Is it “immersed” in a fictional space? No, not really… was that required? No, not really–no One True Definition of immersion was applied (or else they’d choose the synonym which more-completely means that single connotation). I don’t mean to sound defensive (too late, I’m sure) but I am not trying to make a “emo, indie, dirty-hippie, NAR” game (and, thus, I didn’t win at SG–no surprise, but no matter either). I don’t need a “struggle” between ideology, loyalty, and self-interest. Rather, I’m trying to make more of a parlor LARP meets make-your-own character game (rare for small-scale LARP) in which one DOes most “conflict resolution” rather than STATs it out or spends out-of-fiction resources in some manner.

    Thanks for taking the time to read and give your impressions!
    David Artman

    Critque of The Sea Worshippers

    It seems clear that The Sea Worshippers aims to acheive immersion by focusing the players on real-world competitive tasks and social maneuvering. It looks rather like Survivor: The LARP.

    The primary strategy for immersion is parellelism. The characters must prove themselves to their fellows, and so must the players. Concrete tasks that result in acute embarrassment if failed serve to keep players focused on the trials and dire consequences that their characters face on the island. Keeping both challenges–the HORSE mechanic is simple, immediate, and grabby–and consequences–burning the character sheet is an extreme design choice, but it fits with the straightforward, concrete nature of the game–tactile and social provides an excellent parallel between the imagined and real worlds.

    A potential hinderance to immersion is that the players will likely be facing challenges that can be staged in the modern world, while their characters face fictional challenges appropriate to an isolated island tribe. This cognitive disconnect could prove jarring and strain the sense of immersion. Players will need to focus on “I need to do well at this challenge, but not SO well that I offend other players, AND I need to keep in mind what fictional challenge my character is facing.”

    Also, it seems like there will be little development of the game’s fictional content. I imagine the real world competitiveness and maneuvering will quickly overwhelm the vaguely delineated island tribe color. An avenue for development might be to dump the island imagery entirely and make this a real-world or alternate-reality game.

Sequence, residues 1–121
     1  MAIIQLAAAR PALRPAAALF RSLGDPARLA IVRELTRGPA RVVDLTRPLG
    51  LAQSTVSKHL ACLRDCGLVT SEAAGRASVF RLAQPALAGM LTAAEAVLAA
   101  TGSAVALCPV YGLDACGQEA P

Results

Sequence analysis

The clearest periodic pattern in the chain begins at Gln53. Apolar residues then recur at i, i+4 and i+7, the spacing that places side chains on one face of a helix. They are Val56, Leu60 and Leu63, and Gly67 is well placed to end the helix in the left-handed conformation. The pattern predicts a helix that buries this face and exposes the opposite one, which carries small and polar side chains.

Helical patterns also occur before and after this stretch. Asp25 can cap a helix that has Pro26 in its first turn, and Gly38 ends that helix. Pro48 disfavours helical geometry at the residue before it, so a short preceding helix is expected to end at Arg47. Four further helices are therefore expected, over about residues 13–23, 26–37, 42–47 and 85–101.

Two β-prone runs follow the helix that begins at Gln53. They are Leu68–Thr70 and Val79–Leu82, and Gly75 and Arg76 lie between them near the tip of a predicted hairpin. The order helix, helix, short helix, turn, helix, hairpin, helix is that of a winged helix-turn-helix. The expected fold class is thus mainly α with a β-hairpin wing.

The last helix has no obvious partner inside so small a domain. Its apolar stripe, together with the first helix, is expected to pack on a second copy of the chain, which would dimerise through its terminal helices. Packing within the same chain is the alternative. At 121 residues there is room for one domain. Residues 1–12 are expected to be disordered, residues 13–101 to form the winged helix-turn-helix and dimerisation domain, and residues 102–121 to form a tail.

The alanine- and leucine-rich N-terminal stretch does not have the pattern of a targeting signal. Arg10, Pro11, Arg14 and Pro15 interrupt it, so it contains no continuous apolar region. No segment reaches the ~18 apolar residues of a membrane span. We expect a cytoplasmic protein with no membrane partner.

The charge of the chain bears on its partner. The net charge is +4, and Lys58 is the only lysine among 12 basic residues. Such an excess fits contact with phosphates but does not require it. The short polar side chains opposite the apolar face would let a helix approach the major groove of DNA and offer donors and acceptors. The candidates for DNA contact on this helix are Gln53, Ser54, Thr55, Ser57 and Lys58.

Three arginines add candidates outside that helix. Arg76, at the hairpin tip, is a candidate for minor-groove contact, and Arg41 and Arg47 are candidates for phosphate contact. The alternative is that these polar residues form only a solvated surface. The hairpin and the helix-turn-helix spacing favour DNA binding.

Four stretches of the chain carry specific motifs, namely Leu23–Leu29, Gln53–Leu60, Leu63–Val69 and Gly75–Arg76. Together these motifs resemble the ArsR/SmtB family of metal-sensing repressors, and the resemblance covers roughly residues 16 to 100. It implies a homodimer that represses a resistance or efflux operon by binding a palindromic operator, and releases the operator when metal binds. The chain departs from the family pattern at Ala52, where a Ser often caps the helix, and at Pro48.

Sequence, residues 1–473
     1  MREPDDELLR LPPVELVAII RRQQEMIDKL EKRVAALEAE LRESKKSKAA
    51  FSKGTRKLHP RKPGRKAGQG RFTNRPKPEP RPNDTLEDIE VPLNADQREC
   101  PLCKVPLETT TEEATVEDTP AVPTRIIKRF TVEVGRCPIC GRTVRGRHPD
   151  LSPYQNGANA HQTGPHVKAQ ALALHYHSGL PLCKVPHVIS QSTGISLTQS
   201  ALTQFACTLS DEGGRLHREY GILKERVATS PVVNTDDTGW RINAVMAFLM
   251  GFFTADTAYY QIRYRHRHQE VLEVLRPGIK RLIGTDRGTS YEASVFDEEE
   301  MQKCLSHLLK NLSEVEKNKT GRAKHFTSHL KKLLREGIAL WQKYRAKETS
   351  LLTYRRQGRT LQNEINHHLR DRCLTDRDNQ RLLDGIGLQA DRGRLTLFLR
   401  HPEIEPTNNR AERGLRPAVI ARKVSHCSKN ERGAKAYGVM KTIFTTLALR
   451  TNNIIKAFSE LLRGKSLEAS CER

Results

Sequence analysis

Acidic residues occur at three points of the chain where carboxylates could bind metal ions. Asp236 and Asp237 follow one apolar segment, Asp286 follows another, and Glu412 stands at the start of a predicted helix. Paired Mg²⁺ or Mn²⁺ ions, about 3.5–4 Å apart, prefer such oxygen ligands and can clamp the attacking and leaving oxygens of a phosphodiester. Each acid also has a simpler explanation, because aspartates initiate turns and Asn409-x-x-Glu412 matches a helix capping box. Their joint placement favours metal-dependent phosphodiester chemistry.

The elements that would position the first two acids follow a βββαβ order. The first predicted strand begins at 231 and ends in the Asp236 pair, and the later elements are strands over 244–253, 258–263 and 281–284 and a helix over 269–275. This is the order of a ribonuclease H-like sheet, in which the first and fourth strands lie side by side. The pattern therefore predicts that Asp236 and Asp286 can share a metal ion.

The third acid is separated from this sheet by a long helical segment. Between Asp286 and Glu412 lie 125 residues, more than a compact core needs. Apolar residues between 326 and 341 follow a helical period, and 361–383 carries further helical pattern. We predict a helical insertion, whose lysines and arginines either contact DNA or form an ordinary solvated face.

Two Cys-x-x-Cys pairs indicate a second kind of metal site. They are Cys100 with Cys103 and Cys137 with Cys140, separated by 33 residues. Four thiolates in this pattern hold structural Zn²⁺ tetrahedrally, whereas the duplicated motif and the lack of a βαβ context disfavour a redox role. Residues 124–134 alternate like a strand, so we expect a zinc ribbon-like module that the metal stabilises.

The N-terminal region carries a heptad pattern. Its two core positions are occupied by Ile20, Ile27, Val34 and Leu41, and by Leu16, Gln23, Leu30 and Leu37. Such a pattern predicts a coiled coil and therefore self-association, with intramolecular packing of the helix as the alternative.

Groups also tend to form pecking orders quickly. You might have an obvious loser well before the time limit is up, which won’t be much fun for anybody.

    I liked how you saved space by making the heads gray and allowing them to overlap the text. Clever!

    You mention a game potentially taking four hours. I doubt it would take half that long. Since challenges only ever involve two players at a time, I imagine several will be running at the same time.

    The character sheet, particularly the palm trees, are very cool. I found myself wishing the body diagram were more Polynesian-themed, though.

    Personally, I liked the spunk and simplicity of The Sea Worshippers. However, I’ve got to wonder if a game about ostracism is really worthwhile.

    Matthew SB

    Feedback for The Sea Worshipers

    I’d like to preface my feedback by saying I have not played in a larp, so some of my feedback may be reflecting an inaccurate understanding of how that form plays out.

    The Sea Worshipers seems to be a moderate scale (6+ players) larp with a focus on involving the players’ own person in the play. The game makes the destruction of the character sheet with fire part of game play, which is a nice visceral touch.

    The initial situation feels surprisingly flat, given that death is on the line for one of the characters by the end. The expectation that at midnight we’ll be choosing someone to sacrifice is punchy, but I didn’t feel enough of a connection to the tribe or their social context(?).